White Balance is a humerous, touching story of love, loss, and love again. In. White Balance, Bailey Wyatt is a professional photographer and author of the White Balance blog. After a contract goes south, Bailey takes on another contract job with her former employer / platonic office husband / good friend, Blake. Blake hires on his widowed best friend and former competitor, Aiden Riley, as well. Sparks begin to fly when Aiden and Bailey meet but former lovers, workplace professionalism, outside obligations and more issues make it complicated. Will Bailey and Aiden get together? Are there sparks between Bailey and Blake, her married employer? Will Bailey overcome industry sexism to win a big contract for the company?

PROS: interesting writing style combined with emotional moments grab you by the scruff of your neck

CONS: lots of unclear dialogue (who is saying what?) plus spelling and grammatical errors

Fresh, interesting writing style and tones of voice make this a curious novel. Style-wise it's similar to Chuck Palahnuik e.g. short, clipped sentences but the story was slow and boring at first. One problem was that there were many confusing points during the novel, such as phrases or terms that were used but not (well) explained e.g. "the penguin" as a metaphor for Bailey's limp, several different/inconsistent terms of affection used for the same person.

Another problem was with dialogue; it was hard to keep track of who was speaking during a conversation. Specifying the speaker by adding a few "Blah blah blah," [CHARACTER] SAID would have easily solved this problem.

Other confusing elements included seemingly changing character descriptions which made it difficult to picture the characters. For example, at first Aiden sounded like he was in his mid50s then mid30s based on the how the author described him at different points in the novel (e.g. "He was like a father to Bailey" vs "Bailey saw a young, handsome man in Aiden"). When Aiden agrees to be a part of the Big Brother program and look after Cody, the same issue appears with Cody first seeming 17 years old and then seemingly 10 years old.

I did like how the story unfolded though. This is definitely a romance novel wrapped up in a modern workplace setting. Worth the read but not worth a reread especially due to numerous spelling and grammatical errors.

The best part about the book is the author's writing style, though. There are numerous quotable sentences and passages that really jump out at you and into your core. Overall worth the read but not a reread. Steamy scenes were PG-13.

Recommended for: NA/new adults, people interested in photography. Not recommended for: YA.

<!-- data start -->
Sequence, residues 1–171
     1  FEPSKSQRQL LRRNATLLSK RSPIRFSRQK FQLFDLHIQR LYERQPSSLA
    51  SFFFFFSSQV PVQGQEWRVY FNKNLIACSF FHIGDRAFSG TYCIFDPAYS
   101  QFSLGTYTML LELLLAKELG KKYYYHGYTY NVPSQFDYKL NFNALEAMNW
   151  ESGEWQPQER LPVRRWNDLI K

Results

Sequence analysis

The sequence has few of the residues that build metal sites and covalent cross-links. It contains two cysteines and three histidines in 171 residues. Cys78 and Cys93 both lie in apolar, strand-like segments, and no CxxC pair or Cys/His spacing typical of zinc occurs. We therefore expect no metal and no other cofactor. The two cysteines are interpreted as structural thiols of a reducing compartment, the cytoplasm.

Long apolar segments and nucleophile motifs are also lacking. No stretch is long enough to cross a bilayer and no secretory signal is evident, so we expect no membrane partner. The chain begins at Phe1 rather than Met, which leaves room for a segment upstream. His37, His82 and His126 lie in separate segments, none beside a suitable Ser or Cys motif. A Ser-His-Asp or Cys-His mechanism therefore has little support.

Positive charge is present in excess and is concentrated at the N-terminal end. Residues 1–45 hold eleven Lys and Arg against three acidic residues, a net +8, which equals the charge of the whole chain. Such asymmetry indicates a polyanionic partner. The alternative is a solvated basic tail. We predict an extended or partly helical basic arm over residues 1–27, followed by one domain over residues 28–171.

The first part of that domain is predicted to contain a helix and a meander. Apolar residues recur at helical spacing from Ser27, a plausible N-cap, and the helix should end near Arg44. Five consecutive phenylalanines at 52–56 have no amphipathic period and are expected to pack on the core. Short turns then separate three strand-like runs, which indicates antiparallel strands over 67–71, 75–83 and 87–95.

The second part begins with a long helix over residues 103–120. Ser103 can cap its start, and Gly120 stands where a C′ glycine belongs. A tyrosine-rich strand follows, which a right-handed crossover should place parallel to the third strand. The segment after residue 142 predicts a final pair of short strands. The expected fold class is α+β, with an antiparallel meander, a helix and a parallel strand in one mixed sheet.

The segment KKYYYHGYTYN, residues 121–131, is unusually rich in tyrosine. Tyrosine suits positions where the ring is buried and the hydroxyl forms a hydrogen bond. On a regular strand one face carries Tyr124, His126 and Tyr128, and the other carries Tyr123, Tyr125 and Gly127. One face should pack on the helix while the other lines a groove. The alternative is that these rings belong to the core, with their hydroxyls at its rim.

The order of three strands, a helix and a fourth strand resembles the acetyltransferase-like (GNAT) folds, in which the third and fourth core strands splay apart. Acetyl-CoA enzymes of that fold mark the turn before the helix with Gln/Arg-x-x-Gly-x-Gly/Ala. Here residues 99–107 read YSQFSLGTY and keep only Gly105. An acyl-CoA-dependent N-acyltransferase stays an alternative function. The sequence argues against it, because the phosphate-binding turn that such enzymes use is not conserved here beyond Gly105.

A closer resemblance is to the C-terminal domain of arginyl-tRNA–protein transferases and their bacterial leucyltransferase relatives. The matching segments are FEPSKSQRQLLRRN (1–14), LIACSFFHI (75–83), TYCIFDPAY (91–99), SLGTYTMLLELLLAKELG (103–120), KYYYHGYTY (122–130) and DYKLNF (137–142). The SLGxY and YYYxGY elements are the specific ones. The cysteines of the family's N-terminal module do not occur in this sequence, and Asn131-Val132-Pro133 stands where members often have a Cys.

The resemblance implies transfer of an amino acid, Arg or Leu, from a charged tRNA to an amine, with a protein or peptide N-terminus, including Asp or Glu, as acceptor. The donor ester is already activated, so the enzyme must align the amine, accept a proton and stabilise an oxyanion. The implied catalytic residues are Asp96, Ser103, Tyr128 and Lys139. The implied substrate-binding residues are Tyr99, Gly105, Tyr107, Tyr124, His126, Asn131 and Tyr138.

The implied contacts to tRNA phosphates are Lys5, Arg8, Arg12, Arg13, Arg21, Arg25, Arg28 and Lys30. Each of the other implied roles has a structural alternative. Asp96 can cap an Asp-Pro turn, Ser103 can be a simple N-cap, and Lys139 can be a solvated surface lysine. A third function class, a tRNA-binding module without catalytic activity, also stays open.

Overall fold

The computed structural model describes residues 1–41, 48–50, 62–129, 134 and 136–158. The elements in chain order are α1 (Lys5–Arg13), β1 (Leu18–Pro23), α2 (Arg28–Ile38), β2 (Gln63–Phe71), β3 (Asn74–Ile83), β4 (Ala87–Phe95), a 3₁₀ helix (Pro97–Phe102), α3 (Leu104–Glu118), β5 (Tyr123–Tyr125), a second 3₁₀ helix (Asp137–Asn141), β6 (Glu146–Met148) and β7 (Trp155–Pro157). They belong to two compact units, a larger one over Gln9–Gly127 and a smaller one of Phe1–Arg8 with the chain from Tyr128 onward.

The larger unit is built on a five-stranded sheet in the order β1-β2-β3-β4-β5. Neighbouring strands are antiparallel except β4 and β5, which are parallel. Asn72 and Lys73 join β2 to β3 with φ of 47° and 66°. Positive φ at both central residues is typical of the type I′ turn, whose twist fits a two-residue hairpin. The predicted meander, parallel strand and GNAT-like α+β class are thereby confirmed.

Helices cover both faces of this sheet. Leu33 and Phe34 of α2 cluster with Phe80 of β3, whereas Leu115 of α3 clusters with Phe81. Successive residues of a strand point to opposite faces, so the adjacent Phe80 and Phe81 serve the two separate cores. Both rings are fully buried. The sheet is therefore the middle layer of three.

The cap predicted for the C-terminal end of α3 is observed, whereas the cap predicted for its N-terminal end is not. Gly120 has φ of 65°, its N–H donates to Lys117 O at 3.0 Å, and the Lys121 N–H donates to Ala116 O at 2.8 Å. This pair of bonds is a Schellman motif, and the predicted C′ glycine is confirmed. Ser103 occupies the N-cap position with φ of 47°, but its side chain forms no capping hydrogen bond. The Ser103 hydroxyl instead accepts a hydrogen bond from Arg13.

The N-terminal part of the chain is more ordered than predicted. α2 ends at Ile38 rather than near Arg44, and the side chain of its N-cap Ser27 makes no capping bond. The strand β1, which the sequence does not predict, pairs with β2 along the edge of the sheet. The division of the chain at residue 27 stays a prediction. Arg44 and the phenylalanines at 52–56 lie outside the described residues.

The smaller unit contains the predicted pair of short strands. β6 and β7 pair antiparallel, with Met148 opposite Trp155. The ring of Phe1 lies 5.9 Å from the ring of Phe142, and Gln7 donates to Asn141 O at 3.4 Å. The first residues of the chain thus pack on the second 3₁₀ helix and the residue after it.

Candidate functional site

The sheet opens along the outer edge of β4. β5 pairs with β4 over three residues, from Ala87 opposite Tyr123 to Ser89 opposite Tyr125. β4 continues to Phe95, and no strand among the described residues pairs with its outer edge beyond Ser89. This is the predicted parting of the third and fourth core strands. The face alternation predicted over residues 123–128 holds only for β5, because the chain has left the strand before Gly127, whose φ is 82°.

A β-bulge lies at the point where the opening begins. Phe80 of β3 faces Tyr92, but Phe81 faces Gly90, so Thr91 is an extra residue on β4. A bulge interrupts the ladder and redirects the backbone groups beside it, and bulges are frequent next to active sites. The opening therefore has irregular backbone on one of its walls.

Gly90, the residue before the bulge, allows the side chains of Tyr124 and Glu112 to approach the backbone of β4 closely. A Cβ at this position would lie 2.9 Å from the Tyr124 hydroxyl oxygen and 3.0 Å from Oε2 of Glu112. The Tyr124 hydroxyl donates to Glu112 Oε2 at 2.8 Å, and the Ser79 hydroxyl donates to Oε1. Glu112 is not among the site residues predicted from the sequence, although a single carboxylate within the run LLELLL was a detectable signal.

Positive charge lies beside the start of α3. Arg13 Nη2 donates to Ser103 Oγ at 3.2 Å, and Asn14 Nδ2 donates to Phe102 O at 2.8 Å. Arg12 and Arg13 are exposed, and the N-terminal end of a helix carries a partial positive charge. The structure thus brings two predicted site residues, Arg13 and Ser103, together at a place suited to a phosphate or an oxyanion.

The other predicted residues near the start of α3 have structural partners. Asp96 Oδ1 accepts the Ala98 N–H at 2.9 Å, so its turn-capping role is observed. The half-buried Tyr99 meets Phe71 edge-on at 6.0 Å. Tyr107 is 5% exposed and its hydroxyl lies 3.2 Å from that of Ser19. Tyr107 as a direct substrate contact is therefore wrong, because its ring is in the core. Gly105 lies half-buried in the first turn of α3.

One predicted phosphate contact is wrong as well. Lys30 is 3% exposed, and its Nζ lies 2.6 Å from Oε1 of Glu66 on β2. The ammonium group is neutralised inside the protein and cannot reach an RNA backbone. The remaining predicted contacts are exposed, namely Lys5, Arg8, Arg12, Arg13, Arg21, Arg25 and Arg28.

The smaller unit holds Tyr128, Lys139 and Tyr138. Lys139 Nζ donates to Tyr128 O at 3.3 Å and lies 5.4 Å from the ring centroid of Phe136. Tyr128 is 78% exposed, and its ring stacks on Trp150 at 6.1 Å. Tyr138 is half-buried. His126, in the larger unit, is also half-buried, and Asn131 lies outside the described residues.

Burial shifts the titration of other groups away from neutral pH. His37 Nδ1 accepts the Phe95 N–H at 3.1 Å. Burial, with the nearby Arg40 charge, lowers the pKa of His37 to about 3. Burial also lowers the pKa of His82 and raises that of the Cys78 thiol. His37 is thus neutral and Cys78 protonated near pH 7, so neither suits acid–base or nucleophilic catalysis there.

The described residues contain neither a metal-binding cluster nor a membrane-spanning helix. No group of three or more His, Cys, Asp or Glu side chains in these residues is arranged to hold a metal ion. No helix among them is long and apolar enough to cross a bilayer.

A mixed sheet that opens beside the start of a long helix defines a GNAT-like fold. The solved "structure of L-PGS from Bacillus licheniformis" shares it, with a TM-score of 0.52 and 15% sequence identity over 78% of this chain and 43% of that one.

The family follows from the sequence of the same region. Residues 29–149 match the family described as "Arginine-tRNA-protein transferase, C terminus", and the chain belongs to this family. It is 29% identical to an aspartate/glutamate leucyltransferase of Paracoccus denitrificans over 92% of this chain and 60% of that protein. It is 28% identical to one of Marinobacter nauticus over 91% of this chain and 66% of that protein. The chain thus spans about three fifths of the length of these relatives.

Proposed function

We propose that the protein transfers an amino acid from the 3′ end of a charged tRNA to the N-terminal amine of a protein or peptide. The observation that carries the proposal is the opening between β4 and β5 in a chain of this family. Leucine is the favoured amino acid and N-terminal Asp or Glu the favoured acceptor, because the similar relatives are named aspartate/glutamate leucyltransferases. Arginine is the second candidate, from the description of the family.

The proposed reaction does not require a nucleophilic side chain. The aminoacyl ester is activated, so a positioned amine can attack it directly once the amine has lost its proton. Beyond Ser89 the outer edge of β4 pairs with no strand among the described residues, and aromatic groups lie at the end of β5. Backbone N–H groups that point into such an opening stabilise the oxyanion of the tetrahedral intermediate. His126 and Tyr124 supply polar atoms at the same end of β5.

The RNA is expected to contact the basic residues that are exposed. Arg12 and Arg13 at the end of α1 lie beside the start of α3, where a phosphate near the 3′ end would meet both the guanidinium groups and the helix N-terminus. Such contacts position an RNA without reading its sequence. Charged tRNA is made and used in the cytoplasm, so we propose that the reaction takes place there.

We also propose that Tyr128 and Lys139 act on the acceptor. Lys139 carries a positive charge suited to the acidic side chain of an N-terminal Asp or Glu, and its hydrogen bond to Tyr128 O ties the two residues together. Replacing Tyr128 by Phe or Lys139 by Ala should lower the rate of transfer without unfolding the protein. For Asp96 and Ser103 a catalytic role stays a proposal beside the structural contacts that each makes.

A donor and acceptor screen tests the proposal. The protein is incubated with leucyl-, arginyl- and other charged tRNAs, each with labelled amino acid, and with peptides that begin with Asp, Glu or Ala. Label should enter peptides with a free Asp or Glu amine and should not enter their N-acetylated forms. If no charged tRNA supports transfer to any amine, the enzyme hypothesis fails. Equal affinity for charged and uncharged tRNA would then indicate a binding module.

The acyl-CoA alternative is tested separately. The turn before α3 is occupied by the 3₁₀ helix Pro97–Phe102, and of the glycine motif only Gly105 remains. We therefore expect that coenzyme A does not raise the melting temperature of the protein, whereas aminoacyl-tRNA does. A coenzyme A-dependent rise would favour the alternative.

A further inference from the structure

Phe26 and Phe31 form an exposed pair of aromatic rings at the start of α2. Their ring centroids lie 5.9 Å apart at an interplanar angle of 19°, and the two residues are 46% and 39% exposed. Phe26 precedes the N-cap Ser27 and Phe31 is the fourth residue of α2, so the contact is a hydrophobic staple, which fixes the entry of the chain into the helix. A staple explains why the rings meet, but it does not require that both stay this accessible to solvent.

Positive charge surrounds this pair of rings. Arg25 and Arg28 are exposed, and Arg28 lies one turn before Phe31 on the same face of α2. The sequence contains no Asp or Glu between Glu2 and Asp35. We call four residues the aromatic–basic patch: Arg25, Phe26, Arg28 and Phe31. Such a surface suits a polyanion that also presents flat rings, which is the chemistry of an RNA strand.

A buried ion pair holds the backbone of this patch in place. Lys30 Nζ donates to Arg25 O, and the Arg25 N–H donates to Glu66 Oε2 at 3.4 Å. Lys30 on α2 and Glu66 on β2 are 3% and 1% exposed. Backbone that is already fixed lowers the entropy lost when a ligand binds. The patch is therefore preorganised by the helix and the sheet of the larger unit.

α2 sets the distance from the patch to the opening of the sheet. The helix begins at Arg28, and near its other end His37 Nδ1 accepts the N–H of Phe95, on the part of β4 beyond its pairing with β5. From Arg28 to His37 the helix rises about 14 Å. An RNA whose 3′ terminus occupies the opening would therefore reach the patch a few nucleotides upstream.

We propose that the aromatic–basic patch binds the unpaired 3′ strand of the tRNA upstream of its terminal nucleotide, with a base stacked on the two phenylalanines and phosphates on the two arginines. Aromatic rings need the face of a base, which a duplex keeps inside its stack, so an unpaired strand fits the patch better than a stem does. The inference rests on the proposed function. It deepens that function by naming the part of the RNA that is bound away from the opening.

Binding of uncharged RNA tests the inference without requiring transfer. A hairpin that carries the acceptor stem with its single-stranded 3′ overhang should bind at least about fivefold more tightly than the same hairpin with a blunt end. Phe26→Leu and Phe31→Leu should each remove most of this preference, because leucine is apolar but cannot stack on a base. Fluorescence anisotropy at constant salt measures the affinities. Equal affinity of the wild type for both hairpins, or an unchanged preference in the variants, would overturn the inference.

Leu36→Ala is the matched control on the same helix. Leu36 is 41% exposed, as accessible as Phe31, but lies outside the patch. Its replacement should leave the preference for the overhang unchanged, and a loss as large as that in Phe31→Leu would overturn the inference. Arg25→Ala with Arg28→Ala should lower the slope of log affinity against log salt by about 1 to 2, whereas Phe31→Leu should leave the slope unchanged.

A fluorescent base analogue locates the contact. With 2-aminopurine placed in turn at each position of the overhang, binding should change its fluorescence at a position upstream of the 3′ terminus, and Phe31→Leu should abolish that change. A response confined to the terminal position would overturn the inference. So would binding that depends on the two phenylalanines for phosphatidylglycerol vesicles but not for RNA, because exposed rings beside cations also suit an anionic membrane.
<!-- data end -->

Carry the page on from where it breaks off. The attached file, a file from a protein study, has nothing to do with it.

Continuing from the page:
1 of 1 people found the following review helpful
4.0 out of 5 stars Literary readers, Romance fans will love it 4 July 2014
By Carol Kean - Published on
Format: Kindle Edition Verified Purchase
Grief is a problematic topic for big houses that want to sell to everybody. Too often, they refuse to publish novels that focus on the process of grieving. Real life grief in a novel can make people uncomfortable in a way they choose not to experience--by not buying books about the aftermath of tragedy and loss. Books about bombed buildings and downed airliners sell, of course. Readers shell out money for action. But will they stick around for the long, agonizing process of picking up the pieces and learning how to move on?

I know of a woman whose daughter was killed in an automobile accident. She found fiction irrelevant after that catastrophic event, but one self-published novel about a grieving mother whose son was murdered did touch her in a positive way. And that is what the author had hoped her novel would do--ultimately uplift.

Sad, that Big Publishers would pass over a romantic lead like Ainslie Paton's Aiden, frozen in his grief-- not to mention a heroine who waddles like a penguin when pain from an injury flares up--but they're depriving millions of readers of catharsis and the satisfaction of realizing, "Yes! That's it, exactly! Someone else knows how I feel."

No book appeals to all, and the best authors don't write in order to appeal to mass readership. That's counter to big publishers' goals, which is to sell as many books to as many people as possible and make loads of money.

That said, I have one little complaint about White Balance: the synopsis said Aiden's world was so gray and blea, even the cat moved out (moved on) -- and that was the #1 hook that got me to read this novel--even though I have a gazillion other books in my Kindle and authors begging me for feedback, reviews and promotions. I'd never heard of Ainslie Paton, nor had she heard of me or asked me to read her novel. THE CAT got me. Imagine, in the midst of grieving for the loss of wife and child, and even a mere CAT gives up on you.